As will be seen from a cursory review of the prior art, it is surprising that nobody appears to have conceived of and fabricated a barbeque grill structure that is intended for permanent installation in a selected location, yet which is modular in its conformation so that it may readily be sold in a knocked-down or disassembled condition for assembly by the ultimate consumer. Accordingly, it is one of the objects of this invention to provide such a barbeque grill structure.
Another object of the invention is the provision of a modular barbeque grill structure that is readily assembled for use by the ultimate consumer.
A still further object of the invention is the provision of a fixed-in-place barbeque grill that may readily be assembled for use, and disassembled for storage or cleaning.
The invention possesses other objects and features of advantage, some of which, with the foregoing, will be apparent from the following description and the drawings. It is to be understood however that the invention is not limited to the embodiment illustrated and described since it may be embodied in various forms within the scope of the appended claims.
In terms of broad inclusion, the barbeque grill of the invention comprises a prefabricated base unit adapted to be bolted to a supporting structure such as a concrete slab, a firebox adapted to be detachably secured to the base unit in an elevated position for comfortable access, a grill unit detachably mountable on the firebox, and a detachable apron framework adapted to be mounted about the upper periphery of the firebox. Several different types of covering materials, such as tile or concrete may be applied to the upper surface of the apron framework to provide a surface on which dishes, utensils and other barbeque paraphernalia may be placed during use of the barbeque grill of the invention. In a preferred form of the invention, the apron framework is provided with ceramic tile.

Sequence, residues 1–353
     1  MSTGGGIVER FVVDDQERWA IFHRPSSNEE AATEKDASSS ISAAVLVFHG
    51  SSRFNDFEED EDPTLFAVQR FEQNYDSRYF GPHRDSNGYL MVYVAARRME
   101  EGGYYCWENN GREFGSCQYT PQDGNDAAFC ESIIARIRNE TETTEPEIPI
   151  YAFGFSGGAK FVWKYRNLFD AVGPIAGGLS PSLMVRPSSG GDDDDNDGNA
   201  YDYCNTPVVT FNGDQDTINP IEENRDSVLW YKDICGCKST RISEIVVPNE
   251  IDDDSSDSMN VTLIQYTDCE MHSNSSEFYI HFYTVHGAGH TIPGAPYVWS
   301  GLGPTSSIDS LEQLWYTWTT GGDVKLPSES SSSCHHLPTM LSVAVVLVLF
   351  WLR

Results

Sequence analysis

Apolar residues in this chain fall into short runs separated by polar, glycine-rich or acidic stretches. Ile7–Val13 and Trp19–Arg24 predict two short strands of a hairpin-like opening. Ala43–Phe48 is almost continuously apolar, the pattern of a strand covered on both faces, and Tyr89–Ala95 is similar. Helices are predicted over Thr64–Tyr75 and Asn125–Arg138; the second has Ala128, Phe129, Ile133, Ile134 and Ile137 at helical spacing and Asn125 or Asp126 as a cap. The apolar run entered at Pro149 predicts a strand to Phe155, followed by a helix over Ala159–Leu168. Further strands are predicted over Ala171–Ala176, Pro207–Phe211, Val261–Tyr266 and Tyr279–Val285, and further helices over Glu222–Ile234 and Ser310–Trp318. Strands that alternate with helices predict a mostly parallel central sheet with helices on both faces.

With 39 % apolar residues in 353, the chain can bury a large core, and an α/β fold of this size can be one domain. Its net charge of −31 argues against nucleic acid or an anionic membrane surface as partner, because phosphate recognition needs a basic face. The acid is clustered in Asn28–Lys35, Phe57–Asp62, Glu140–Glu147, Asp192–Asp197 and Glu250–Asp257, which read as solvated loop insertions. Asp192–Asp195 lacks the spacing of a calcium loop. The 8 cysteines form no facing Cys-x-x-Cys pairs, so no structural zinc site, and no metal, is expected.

FIG. 1 is a perspective view of the assembled barbeque grill of the invention.
FIG. 2 is a perspective view in exploded form showing the structure and relationship of the separate elements of the combination making up the barbeque grill of the invention.
FIG. 3 is a fragmentary cross-sectional view illustrating the support means for the grill in relation to the firebox so that the grill will lie flush with the upper peripheral edge of the firebox, and illustrating the support means for the apron framework on the exterior periphery of the firebox.
FIG. 4 is a fragmentary cross-sectional view illustrating the manner of attachment of the mounting sleeve to the firebox and detachable engagement of the firebox mounting sleeve to the base unit pedestal.